The coin transfer mechanisms 9 a-9 f are operable to move the coins 48 between the carousels 6 a-6 d, as desired. When the control module 11 determines where to move a coin (to deliver change, to store a coin for later use, or to deliver a coin to the cash box), the appropriate motor is energized, causing the corresponding carousel to rotate until the desired coin stall 41 is aligned with the desired transfer gate. Then the motor is then de-energized, and the corresponding solenoid is energized causing the corresponding linkage to move and pivot (or otherwise move) the corresponding transfer gate. The transfer gate raises (or otherwise moves) from a normal position (see gate 28 f of FIG. 10a) to a transfer position (see gate 28 e of FIG. 10a), thereby causing the coin 48 to begin to roll. The coin 48 hits the blocking gate 29 causing it to rotate, and then the coin enters a channel member 30 and is guided into the desired open stall 41 on the adjacent carousel. As the coin passes through the channel 30, it passes a detector 45 a. The coin must clear the detector 45 for the coin changer 1 to remain in the normal operational mode.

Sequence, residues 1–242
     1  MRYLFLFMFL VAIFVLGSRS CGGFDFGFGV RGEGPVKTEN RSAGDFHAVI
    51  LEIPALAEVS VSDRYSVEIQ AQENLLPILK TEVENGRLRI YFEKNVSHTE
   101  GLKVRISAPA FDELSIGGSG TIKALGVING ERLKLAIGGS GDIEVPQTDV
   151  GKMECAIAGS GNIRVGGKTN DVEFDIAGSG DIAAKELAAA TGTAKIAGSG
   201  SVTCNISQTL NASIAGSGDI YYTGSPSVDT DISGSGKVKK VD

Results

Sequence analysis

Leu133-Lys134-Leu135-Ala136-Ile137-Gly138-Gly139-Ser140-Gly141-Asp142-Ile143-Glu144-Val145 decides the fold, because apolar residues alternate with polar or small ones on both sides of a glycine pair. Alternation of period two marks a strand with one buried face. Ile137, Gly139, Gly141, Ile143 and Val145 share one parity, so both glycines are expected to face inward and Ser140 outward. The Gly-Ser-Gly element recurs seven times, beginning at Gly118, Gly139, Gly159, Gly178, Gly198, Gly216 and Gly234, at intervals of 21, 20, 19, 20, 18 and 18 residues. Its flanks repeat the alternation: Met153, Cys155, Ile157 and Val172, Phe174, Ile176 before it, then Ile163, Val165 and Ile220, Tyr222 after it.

FIGS. 10b-10 c show a coin transfer scheme for operating the appropriate transfer gate to transfer coins between the carousels 6 a-6 d. Coins are deposited into and returned to the customer from the main carousel 6 a. Also, coins can be transferred to storage carousels 6 b-6 d as desired. For example, coins can be transferred to the storage carousels 6 b-6 d when the main carousel 6 a is full, to balance the weight of the coins amongst the carousels and/or within a particular carousel, to position more frequently returned coins closer to or in the main carousel, and/or for other reasons.